Ten years have passed since the first titles in the Horrible Histories series were published. The arrival in June 1993 of the Terrible Tudors and the Awesome Egyptians started a phenomenon in children's history books and since then more than six million books in the series have been sold in the UK, while translations have been made for sales in more than 20 countries.
Two years ago the Horrible Histories accounted for 17 of the top 20 children's non-fiction books borrowed from our libraries.
Given the enthusiasm for these books among children it is natural that teachers should look for ways to exploit them in their lessons. The "horrible" element that makes them a must-have book for children means they are difficult to use in the classroom, but they can make a difference to many pupils by making history more interesting and reading more exciting.
And yet author Terry Deary says that the prospect of his books being used in school fills him with horror. He fears that if his books become part of the mainstream they will lose their anti-authoritarian attraction. He's very critical of the educational system. He avoids classrooms and does not consult teachers about his books. He maintains that "schools don't teach children to think for themselves, they teach them to pass tests and get up the league tables".
So why do teachers flout the author's own opinion and bring his books into the classroom? Trevor Ellis, history co-ordinator at Colman Middle School in Norwich, owns up to his copies of the Horrible Histories but certainly not as set books. He doesn't much like the standard paperback format and he also believes "the content is too extreme and does not allow pupils to either build up a complete picture or to view trends within history". But he does regard the books as a "treat" for the pupils. Make them everyday and they lose their appeal, says Trevor, but keep them available in the classroom and they'll help lever reluctant readers and indifferent historians into a particular subject.
As the books touch on areas that are not included in mainstream texts, teachers may use them either for reading around a subject or for material for activities such as an end-of-term quiz. The content of the Horrible Histories also makes them attractive as background for project work for pupils. John Hirst, head of humanities at Springwood High School in King's Lynn says The Rotten Romans provided the basis for his Year 7 group's project work on Invaders and Settlers.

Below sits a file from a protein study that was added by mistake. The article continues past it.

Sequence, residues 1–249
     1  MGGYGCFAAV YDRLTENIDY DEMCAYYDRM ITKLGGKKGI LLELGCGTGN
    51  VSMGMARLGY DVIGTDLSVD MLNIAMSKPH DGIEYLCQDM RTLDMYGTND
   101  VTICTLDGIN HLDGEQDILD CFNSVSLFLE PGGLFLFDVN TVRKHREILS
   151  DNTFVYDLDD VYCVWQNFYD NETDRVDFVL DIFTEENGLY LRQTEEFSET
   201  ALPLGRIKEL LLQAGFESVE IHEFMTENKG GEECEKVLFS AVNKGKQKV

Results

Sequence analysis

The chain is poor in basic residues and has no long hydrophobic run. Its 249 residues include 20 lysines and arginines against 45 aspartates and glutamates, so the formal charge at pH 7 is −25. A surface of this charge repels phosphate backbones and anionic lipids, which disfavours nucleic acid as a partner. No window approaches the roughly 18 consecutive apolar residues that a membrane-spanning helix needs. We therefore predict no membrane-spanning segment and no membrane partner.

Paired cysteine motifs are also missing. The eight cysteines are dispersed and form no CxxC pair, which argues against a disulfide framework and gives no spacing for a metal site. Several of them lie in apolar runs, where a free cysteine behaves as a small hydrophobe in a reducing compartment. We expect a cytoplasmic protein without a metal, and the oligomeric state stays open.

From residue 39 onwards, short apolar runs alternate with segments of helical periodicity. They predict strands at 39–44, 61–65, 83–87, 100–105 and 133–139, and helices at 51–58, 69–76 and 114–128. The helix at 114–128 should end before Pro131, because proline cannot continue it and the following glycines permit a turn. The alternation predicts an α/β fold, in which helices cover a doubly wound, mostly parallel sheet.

While the books may be used to motivate pupils struggling to keep up, they can also be used as extension texts for the more able pupils. According to the website of Breckenbrough School in North Yorkshire: "When pupils have completed the set task in a lesson to a satisfactory standard they might be offered some extension work. However, invariably the pupils are not enthusiastic about this. Rather than trying to enforce this and running the danger of disaffecting the pupil, pupils are allowed the opportunity to do something relevant such as reading. The Horrible Histories are particularly popular."
This year CITV is broadcasting a new drama series based on the books, the BBC is releasing an audio version and a fortnightly magazine using the Horrible Histories format has recently been launched by Eaglemoss (www.eaglemoss.co.uk).
To celebrate the second decade of the Horrible Histories, Scholastic is publishing several new titles. An "awful anniversary" Terrible Tudors book with playing card pack will be published later this month (pound;4.99).
Look out for a new title, Ruthless Romans in July (pound;3.99), and a hardback Wicked History of The World (pound;12.99) in October, with a pull-out Rogue's Gallery.
For details of the Terry Deary National Roadshow, running April 22-May 2, as well as a national competition to become Horrible Histories Brainiest Boffin, running in major bookshops from March, watch Scholastic's website www.scholastic.co.uk
Colin Hynson is education officer, Norfolk Museums and Archaeology Service